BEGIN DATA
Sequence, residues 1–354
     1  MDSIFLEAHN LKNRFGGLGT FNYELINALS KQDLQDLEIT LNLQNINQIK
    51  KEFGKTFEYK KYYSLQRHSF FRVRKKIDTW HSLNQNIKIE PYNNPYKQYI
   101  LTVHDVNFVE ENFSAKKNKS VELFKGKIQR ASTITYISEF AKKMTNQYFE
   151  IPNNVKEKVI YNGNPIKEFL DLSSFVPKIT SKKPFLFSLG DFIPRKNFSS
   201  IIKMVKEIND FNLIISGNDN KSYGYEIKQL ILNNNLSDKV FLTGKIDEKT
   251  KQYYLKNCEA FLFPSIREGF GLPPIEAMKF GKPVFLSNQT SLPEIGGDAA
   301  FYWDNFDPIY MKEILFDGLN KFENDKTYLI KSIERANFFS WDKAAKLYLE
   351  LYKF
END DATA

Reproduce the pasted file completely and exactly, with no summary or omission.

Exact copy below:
Sequence, residues 1–354
     1  MDSIFLEAHN LKNRFGGLGT FNYELINALS KQDLQDLEIT LNLQNINQIK
    51  KEFGKTFEYK KYYSLQRHSF FRVRKKIDTW HSLNQNIKIE PYNNPYKQYI
   101  LTVHDVNFVE ENFSAKKNKS VELFKGKIQR ASTITYISEF AKKMTNQYFE
   151  IPNNVKEKVI YNGNPIKEFL DLSSFVPKIT SKKPFLFSLG DFIPRKNFSS
   201  IIKMVKEIND FNLIISGNDN KSYGYEIKQL ILNNNLSDKV FLTGKIDEKT
   251  KQYYLKNCEA FLFPSIREGF GLPPIEAMKF GKPVFLSNQT SLPEIGGDAA
   301  FYWDNFDPIY MKEILFDGLN KFENDKTYLI KSIERANFFS WDKAAKLYLE
   351  LYKF